Smartphone cameras have advanced so tremendously over the past few years that they have almost completely replaced point and shoot digital cameras for the most of us. Furthermore, since our smartphones are always with us, the majority of us end up taking tons of photos throughout the lifespan of our devices. But what happens to all the old photos you take? Do you store them on an external hard-drive or keep them backed up to an online cloud service like Flickr? Let us know what your favorite way of storing old photos is and why.
Ubuntu Touch: Next Generation OS or Just Another Skin?
Since the dawn of Android tablets, and really ever since the HTC HD2, developers have been looking for ways to bring Ubuntu to the mobile space. It seems like every new device gets a thread devoted to showing users how to load Ubuntu. More often than not, that implementation requires you to boot Android and then utilize chroot in order to run a Ubuntu instance, but that doesn’t change the fact you’re still running Android.
So when news of Ubuntu Touch coming to the Galaxy Nexus, Nexus 4, Nexus 7 and Nexus 10 reached the interwebz, a collective shout of “Yippee!” erupted from the ranks. Then earlier this week Canonical, the creators of Ubuntu, teased us with a video showing Ubuntu Touch in all its glory on a tablet.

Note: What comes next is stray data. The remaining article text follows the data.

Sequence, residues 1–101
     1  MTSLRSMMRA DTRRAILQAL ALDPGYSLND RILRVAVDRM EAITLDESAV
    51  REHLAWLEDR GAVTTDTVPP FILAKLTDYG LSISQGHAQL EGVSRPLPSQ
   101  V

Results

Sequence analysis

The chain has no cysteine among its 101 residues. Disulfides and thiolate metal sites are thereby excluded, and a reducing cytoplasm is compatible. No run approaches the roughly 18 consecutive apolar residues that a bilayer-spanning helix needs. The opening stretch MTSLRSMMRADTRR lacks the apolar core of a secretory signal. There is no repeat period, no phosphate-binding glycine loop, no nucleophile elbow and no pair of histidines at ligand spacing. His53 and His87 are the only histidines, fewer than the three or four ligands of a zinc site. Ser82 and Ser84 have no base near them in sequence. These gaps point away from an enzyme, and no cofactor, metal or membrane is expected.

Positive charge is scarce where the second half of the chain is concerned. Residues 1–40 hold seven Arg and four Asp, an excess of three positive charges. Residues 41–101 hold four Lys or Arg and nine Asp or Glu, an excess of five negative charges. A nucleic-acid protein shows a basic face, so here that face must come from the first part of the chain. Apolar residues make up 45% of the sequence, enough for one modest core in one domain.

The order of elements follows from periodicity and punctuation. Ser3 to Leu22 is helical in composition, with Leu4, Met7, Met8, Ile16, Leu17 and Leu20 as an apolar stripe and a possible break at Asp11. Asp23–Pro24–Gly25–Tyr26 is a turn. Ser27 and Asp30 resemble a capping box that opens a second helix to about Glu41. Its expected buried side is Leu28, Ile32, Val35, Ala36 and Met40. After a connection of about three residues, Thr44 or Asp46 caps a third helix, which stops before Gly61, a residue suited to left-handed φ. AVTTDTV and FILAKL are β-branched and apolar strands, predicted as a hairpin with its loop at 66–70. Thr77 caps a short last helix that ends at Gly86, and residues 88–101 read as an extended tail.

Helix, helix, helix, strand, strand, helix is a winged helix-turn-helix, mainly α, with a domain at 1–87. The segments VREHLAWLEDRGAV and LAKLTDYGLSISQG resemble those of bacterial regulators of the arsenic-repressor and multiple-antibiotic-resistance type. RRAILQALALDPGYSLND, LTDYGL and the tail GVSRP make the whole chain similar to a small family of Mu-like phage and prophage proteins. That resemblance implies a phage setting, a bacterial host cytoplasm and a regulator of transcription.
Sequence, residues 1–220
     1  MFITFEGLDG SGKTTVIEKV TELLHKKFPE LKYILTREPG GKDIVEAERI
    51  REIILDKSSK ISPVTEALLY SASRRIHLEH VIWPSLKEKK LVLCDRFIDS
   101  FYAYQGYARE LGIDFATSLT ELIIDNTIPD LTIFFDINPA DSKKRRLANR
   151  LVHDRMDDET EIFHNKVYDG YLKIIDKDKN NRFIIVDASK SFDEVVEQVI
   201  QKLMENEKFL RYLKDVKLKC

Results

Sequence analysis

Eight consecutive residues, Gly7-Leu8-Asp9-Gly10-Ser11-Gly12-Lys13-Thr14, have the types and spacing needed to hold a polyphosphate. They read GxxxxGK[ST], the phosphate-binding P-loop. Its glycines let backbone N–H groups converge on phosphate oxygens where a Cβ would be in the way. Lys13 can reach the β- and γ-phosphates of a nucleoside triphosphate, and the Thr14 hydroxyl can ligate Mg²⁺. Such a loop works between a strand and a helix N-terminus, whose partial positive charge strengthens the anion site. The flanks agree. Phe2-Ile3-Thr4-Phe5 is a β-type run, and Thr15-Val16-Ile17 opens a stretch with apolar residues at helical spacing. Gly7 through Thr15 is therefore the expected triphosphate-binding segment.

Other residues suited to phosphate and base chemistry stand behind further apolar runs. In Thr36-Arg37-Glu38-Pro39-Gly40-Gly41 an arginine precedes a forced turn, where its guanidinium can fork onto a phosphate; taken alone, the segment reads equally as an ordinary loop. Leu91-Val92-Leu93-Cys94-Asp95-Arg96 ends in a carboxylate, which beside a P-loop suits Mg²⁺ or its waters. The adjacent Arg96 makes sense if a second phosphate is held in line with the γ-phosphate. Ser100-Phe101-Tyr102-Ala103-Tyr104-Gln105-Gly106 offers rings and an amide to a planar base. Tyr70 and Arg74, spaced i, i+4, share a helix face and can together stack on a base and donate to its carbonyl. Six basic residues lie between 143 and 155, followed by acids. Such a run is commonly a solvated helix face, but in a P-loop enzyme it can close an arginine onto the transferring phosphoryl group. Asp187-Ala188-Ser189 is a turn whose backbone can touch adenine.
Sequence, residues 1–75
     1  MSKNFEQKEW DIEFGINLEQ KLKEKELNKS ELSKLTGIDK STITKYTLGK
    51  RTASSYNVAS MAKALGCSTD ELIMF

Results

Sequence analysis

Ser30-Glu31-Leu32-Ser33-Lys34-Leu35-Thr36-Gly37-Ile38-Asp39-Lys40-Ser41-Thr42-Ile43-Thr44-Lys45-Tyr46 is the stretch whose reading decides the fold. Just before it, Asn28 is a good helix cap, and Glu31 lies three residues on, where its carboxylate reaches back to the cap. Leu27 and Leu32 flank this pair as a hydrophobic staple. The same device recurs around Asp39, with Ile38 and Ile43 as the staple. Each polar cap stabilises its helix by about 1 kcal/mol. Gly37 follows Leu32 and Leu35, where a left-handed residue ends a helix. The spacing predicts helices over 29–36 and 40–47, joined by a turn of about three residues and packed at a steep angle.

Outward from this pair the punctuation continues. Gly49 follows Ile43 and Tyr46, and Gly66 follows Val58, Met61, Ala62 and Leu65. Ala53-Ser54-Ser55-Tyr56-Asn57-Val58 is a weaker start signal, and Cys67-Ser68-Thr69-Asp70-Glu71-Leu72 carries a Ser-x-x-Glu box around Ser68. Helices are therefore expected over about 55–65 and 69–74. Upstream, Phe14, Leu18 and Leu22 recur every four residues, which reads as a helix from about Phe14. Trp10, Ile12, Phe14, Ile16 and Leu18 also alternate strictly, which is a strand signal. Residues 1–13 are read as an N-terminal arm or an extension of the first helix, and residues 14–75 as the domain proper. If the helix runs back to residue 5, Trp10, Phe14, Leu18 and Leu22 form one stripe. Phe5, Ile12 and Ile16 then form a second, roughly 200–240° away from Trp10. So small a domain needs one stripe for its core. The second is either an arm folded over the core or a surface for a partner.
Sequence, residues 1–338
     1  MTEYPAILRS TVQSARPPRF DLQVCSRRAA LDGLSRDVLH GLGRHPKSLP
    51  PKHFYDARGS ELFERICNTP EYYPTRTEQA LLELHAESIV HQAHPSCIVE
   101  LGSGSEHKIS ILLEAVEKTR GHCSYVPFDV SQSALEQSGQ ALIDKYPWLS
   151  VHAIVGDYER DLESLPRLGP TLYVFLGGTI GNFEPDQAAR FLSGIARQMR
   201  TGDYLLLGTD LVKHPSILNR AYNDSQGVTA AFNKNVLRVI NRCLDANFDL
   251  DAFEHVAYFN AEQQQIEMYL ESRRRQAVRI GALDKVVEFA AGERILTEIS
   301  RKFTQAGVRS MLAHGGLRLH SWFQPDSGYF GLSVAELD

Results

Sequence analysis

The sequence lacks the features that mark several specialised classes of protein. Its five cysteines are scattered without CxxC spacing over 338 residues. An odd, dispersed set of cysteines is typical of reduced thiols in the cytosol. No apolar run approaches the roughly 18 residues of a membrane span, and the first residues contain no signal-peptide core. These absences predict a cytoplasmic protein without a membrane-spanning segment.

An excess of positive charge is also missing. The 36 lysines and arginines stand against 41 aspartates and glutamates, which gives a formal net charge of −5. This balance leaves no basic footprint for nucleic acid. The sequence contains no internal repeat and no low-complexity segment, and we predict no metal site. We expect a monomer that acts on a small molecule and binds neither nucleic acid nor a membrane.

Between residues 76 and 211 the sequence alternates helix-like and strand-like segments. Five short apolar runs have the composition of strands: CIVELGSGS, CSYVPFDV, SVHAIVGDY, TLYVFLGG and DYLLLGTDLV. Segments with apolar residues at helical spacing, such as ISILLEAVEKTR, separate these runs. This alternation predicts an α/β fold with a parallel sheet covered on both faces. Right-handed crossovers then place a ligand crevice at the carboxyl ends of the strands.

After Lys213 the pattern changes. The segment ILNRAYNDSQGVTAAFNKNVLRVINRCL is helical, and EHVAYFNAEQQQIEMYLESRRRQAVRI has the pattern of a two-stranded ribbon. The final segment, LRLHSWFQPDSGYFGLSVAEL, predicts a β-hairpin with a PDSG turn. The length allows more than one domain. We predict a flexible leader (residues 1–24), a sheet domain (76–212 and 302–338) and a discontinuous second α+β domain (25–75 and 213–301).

On Thursday, Canonical released instructions for installing the Developer Preview on the Nexus devices, and the XDA thread erupted with discussion around it. Then as people began to install the Developer Preview on their devices, one thing became very clear: While a lot of the data being shown in the video looked real, it all exists in the Developer Preview as dummy data. It’s not functional, and is not intended for the user as was displayed. No, this is very clearly an alpha and not intended for the normal user or as a daily-driver. It even is clear that Android is very much part of Ubuntu Touch, even down to a stripped down version of CM10.1 as the base, and chroot is still the process used to run Ubuntu, albeit in a much nicer (and cleaner) boot process.
On Friday they released the porting instructions and another suspicion was confirmed: If your device is in the CM10.1 device tree and can run CM10.1, you too can port Ubuntu Touch to your device relatively easily. And in Friday’s hangout that the Ubuntu Development team hosted they discussed the following key points (props to XDA Senior Member KMyers for not only joining the hangout, but also typing up the results):